Going down to the baggage claim, I realized that Nepal airport is not a fancy place with air conditioning. It had fans running everywhere. It took a long time for the bags to arrive while I made some small talk with a lady from Bangalore on her Manasa Sarovar pilgrimage. She insisted that I visit Manasa Sarovar during my stay here in Kathmandu as it would save me a lot of money (INR 1,25,000 to be precise). I am not sure whether I will be able to find any free time even to do any short hikes, if not a grand hike to Annapurna circuit or Manasa Sarovar.

At the exit of the airport, the currency exchange centre had put out a board listing the conversion rates – 87 nepali rupees per dollar, 1.55 per INR. I went to the prepaid taxi booth and asked for a ride to Jhamsikhel.  775 NPR. I had only USD and some INR on me. Paid 520 INR instead of 10 USD I was asked for.

I got out of the airport to get into a rickety white taxi. The driver asked me to hold the lid of the boot while he loaded my bags.  I sat in the front only to realise that there is no way to clamp my seatbelt. The car rode into the town with jerky movements  through the haze of the dust and smoke raised by the vehicles in the front.  A few people were walking or riding motorcycles wearing masks over their nose and mouth to prevent the ill-effects of pollution. Soon, a  rally led by about 40 motorcycles with red pennants blocked the traffic. The taxi driver honked, veered through the oncoming traffic and finally made it to PulChowk.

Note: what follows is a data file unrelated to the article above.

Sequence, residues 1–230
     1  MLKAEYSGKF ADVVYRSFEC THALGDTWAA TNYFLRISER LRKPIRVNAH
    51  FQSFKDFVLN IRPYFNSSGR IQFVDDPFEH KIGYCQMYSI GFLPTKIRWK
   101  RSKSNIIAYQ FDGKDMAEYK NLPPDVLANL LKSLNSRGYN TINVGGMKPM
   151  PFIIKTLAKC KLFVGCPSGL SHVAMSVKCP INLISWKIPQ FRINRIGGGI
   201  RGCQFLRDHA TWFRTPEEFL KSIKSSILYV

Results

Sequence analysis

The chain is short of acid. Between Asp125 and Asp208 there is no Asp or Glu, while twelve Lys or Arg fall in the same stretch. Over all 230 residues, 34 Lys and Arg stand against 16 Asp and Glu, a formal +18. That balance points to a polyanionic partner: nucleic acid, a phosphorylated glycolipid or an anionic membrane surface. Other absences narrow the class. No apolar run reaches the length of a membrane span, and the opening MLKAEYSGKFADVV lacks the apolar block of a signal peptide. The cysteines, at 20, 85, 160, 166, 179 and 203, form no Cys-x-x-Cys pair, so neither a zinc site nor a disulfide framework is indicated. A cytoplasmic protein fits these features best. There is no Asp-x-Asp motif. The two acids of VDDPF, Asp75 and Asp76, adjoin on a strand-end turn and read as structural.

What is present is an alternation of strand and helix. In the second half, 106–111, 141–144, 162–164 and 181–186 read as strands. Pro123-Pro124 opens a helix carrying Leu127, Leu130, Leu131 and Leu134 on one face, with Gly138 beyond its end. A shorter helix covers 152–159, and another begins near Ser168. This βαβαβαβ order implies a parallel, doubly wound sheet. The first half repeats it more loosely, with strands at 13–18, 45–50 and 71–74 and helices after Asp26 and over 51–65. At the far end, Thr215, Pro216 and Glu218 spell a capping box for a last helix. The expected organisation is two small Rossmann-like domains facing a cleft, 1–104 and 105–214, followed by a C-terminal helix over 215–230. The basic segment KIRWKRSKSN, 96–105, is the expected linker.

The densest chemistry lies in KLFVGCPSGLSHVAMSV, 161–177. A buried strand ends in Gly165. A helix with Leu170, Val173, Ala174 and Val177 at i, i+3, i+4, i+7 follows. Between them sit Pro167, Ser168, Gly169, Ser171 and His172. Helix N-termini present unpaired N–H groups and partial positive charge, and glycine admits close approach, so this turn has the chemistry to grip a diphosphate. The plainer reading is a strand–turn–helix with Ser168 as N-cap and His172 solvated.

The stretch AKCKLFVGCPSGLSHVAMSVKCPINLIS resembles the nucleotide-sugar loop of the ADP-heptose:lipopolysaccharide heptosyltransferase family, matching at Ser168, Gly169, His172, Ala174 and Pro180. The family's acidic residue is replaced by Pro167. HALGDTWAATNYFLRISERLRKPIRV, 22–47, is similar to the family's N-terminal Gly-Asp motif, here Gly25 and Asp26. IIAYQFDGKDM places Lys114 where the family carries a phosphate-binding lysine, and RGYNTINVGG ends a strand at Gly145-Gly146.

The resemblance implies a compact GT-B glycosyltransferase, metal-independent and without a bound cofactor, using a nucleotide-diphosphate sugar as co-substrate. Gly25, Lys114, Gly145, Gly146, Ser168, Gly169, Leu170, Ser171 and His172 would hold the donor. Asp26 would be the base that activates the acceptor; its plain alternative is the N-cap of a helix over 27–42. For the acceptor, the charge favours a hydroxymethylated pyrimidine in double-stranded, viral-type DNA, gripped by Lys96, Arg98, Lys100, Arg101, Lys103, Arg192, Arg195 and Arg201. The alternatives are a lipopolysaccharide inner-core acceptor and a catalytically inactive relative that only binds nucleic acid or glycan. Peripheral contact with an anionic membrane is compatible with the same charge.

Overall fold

Kathmandu valley comprises of three cities – Kathmandu, Patan, and Bhaktapur. My accommodation was located in Jhamsikhel region of Bhaktapur. The roads in Kathmandu region are narrow and are being widened at places. I heard that many buildings will be razed to make way for asphalt. Addresses in Nepal are as abstract as they are in India. The driver had to call the guest house twice to get the directions to reach the place. The directions were all landmark based! It reminded me of my friend Ayan Ghosh’s statement:

I think the reason I love old cities is they have more crosswords. Each crossroad asks questions, makes you stop, take a decision and stick by it. In every lane we discover new things and think what did I miss on the other lanes? I must come back. I must give more time. This is why I have never enjoyed planned cities. They are too linear, too defined. You just walk from one end to the other and you have seen it all. But life is more like an old city than a highway.

I finally reached my guest house located in a narrow alley.  It is a residence converted into a guest house. The adjacent houses are so close to one another that I could  hear the sound of dish washing, TV, children playing, and my neighbours gossiping. It’s a shame that I don’t understand Nepali 🙂

Photos related to my stay in Nepal can be found here on Flickr